|Jackson & Pollard
Ideal Body Fat Percentages
|Age in Years||Women||Men|
|20||17.7 % %||8.5 %|
|25||18.4 %||10.5 %|
|30||19.3 %||12.7 %|
|35||21.5 %||13.7 %|
|40||22.2 %||15.3 %|
|45||22.9 %||16.4 %|
|50||25.2 %||18.9 %|
|55||26.3 %||20.9 %|
How to measure body fat.
There are several different ways to measure your percentage of body fat which we will briefly outline below. The key for individual progress however, is to be consistent with what method you use and do it regularly. This way you can see if you have lost weight whether this is fat loss or lean muscle loss. Use Dr Halls fat loss percentage calculator too. Here are a few methods:-
- Skin fold testing: This method is one of the most accurate and takes us back to the ‘ if you can pinch more than an inch’ slogan which meant bad news. Using this method you measure how much adipose tissue (or fat) you have at different sites of the body with skinfold calipers. The fat caliper measures in millimetres and you enter the measurements from different body sites and get a body-fat percentage.
- Bioelectrical impedance: These are sort of body fat scales used for measuring body composition especially amount of body fat, such as ‘ozeri touch‘ scales. Bioelectrical impedance analysis works by sending a light electric current through the body and then calculating body fat in accordance with the level of resistance.
- Hydrostatic weighing is one of the most accurate methods for measuring body fat percentage. This involves going into a tank of water and being weighed. Another test similar to hydrostatic weighing is the bod pod which uses air displacement and whole body densitometry to separate fat cells from lean mass.
- Anthropometric: This is similar to the principles and formulas behind the body fat percentage calculators. You simply take your measurements with a tape measure (or fat caliper) and enter the statistics to get a percentage body fat measurement.
- Dexa scan: State of the art scanner that looks at body composition. This scan also shows you where fat is distributed around the body which can be important for predictions of your risk of some diseases.
Here are some Q&A…
- How is body fat percentage calculated? Your body fat percentage is calculated by taking your age, height and weight, gender and waist measurement into account. There are many different forms on how to measure and calculate your body fat percentage. Your results will help you determine a healthy weight and realistic weight loss goals based on the information you provided.
- What are the body fat percentage basics? Body fat percentage, body fat distribution, body shape, age, muscle striations, and vascularity.
- What is the body fat percentage for abs? The body fat percentage for nice abs is somewhere between 15% and 10%. Crazy bodybuilder-type-abs is around 7% and 3%.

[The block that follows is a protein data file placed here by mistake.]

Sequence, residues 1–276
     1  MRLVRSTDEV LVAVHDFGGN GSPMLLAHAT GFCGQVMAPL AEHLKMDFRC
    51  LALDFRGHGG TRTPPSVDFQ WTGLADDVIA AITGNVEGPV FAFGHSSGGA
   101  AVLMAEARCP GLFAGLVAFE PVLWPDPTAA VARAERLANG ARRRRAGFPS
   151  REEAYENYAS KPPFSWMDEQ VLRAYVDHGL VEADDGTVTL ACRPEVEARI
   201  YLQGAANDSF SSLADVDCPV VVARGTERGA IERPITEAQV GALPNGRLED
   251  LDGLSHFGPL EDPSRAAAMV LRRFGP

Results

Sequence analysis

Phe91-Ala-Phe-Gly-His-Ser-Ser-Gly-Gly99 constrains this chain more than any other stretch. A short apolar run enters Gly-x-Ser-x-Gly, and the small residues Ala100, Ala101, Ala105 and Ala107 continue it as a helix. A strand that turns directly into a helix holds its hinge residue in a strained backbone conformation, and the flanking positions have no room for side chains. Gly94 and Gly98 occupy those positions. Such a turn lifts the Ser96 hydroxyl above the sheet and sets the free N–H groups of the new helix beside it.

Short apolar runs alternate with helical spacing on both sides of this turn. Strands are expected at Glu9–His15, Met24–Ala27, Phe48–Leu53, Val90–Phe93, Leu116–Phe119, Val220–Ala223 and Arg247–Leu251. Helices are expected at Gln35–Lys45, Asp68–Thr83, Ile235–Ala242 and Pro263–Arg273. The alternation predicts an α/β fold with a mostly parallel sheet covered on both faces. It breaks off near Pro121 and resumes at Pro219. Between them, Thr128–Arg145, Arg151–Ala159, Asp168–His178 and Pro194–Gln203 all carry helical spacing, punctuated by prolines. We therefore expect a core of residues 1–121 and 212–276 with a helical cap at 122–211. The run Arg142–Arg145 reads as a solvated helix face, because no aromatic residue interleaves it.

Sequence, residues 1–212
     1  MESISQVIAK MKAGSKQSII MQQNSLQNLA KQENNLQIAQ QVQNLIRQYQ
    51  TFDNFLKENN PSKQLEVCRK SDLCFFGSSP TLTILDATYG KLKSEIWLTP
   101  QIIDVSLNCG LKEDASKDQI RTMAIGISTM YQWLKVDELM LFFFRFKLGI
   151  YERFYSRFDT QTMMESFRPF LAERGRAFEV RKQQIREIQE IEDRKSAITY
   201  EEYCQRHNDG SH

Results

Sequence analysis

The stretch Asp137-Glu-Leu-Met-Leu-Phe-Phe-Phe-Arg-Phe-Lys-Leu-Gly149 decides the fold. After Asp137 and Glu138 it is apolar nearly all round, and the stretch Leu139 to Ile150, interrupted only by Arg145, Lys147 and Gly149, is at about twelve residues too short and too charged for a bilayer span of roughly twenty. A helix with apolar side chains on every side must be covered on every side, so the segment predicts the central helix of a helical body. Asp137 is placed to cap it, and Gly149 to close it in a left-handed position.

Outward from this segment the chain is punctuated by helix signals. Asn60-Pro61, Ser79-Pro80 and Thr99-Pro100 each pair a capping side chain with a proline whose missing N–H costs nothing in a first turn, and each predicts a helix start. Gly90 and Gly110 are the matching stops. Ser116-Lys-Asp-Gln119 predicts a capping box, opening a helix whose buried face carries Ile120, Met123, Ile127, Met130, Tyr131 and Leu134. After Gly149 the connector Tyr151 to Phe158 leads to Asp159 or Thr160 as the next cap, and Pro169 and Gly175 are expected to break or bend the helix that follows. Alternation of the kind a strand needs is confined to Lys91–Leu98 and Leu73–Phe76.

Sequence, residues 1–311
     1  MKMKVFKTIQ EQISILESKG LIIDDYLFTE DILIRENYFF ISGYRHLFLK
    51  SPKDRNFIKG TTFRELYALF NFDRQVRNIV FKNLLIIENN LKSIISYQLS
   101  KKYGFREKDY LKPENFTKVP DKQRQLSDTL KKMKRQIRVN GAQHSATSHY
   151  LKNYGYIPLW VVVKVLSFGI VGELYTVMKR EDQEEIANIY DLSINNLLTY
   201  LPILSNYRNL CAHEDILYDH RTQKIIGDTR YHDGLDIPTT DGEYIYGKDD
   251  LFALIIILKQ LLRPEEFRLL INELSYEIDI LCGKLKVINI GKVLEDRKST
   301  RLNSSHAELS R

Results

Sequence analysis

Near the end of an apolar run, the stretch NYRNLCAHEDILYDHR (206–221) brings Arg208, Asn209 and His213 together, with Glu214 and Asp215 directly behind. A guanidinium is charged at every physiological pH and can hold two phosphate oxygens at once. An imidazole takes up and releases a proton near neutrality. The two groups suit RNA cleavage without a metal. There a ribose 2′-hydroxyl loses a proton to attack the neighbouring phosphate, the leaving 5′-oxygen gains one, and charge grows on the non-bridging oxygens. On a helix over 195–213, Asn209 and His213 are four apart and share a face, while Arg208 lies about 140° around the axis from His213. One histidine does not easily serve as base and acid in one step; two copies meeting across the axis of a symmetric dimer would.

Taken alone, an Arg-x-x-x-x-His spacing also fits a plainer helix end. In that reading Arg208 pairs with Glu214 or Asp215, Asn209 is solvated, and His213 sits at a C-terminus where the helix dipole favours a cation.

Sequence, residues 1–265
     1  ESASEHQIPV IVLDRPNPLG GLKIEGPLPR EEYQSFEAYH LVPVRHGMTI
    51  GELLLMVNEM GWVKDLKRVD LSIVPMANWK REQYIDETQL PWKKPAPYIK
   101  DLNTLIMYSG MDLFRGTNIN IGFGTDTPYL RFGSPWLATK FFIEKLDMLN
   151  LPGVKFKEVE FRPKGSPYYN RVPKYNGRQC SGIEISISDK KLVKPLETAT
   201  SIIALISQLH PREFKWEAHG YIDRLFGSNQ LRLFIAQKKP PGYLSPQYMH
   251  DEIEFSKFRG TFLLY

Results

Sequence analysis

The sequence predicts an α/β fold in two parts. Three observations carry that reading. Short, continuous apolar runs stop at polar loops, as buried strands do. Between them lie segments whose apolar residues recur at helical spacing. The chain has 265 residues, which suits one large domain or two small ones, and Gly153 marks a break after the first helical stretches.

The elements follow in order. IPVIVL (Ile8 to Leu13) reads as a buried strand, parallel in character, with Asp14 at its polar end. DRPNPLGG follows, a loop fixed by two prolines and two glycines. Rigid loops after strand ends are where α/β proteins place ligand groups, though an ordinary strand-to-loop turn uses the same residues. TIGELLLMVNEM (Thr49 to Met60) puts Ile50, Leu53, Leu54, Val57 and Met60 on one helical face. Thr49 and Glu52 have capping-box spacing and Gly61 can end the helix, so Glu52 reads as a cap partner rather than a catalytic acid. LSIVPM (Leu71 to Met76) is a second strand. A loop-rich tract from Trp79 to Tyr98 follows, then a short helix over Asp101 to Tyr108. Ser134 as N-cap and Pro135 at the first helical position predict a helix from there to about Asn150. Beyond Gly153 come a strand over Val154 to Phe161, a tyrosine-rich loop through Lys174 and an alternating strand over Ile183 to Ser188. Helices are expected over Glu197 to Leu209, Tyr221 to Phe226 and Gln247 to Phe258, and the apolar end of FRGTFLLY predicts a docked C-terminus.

- What is the body fat percentage for bikini competition? A bikini competitor is anywhere from 8-13% body fat.
- What body fat percentage is considered overweight? For women between ages 20-40, the overweight body fat percentage is between 33-39% and anywhere above 39% is considered obese. Women who are ages 41-60, the overweight body percentage is 35-40% and anywhere over 40% is considered obese. Whereas for men it’s a little bit different. Men between ages 20-40 overweight body fat percentage is between 19 and 25%. Obese is anywhere above 25%. Men ages 41-60, overweight is 22-27% and obese is anywhere over 27% body fat.
- What does body fat percentage look like? As men gain body fat, the fat typically starts to go into the stomach area. As it grows, it will begin to form all over the body, but still mainly in the stomach. Wheres females, they typically see fat appearing into their hips and thighs. But women do see noticeable amounts of fat in their stomachs as well at even low body fat percentages.
Recent Weight Loss Posts
- How to lose belly fat Once you have done some body fat testing discover how to lose fat FAST.
- How to Lose Weight Fast: Follow Moose and Doc’s 8 step plan to lose weight. Throw in a little bit of resistance training and start losing fat.
- Reasons why weight loss is NOT working: Sometimes, despite the diet and hitting the gym and grabbing yourself a personal trainer that weight just will not shift. Find out some common reasons WHY here.
- Motivation for Weight loss: It’s not all about the physical. Get into the right mind set with these handy tips for success.
Recent Diet Posts
- The Mediterranean Diet
- The Military Diet
- The HCG Diet
- The Atkins Diet
- The Paleo Diet
- The Dukan Diet
- The Dash Diet
- Deurenberg P, Weststrate JA, Seidell JC. (1991) Body mass index as a measure of body fatness: age- and sex-specific prediction formulas. Br J Nutr. 1991 Mar;65(2):105-14. (Retrieved July 31st 2016) http://www.ncbi.nlm.nih.gov/pubmed/2043597
- Gallagher D, Heymsfield SB, Heo M, Jebb SA, Murgatroyd PR, Sakamoto Y. (2000) Healthy percentage body fat ranges: an approach for developing guidelines based on body mass index. Am J Clin Nutr. 2000 Sep;72(3):694-701.(Retrieved July 29th 2016) http://www.ncbi.nlm.nih.gov/pubmed/10966886
- Jackson AS, Stanforth PR, Gagnon J, et al. (2002) The effect of sex, age and race on estimating percentage body fat from body mass index: the Heritage Family Study. Int J Obes Relat Metab Disord, Jun 2002;26(6):789-96. (Retrieved July 29th 2016) http://www.ncbi.nlm.nih.gov/pubmed/12037649
- Jackson AS, Pollock ML (1978) Generalized equations for predicting body density of men. Br J Nutr. 1978 Nov;40(3):497-504. (Retrieved July 31st 2016) http://www.ncbi.nlm.nih.gov/pubmed/718832
- Jackson AS, Pollock ML (1980) Generalized equations for predicting body density of women. Med Sci Sports Exerc. 1980;12(3):175-81. (Retrieved July 31st 2016) http://www.ncbi.nlm.nih.gov/pubmed/7402053
- Sahakyan KR, Somers VK, Rodriguez-Escudero JP, Hodge DO, Carter RE, Sochor O, Coutinho T, Jensen MD, Roger VL, Singh P, Lopez-Jimenez F. (2015) Normal-Weight Central Obesity: Implications for Total and Cardiovascular Mortality. Ann Intern Med. 2015 Dec 1;163(11):827-35. (Retrieved July 22nd 2016) http://www.ncbi.nlm.nih.gov/pubmed/26551006
- Zeng Q, Dong SY, Sun XN, Xie J, Cui Y. (2012) Percent body fat is a better predictor of cardiovascular risk factors than body mass index. Braz J Med Biol Res. 2012 Jul;45(7):591-600. Epub 2012 Apr 19. (Retrieved August 3rd 2016) http://www.ncbi.nlm.nih.gov/pubmed/22510779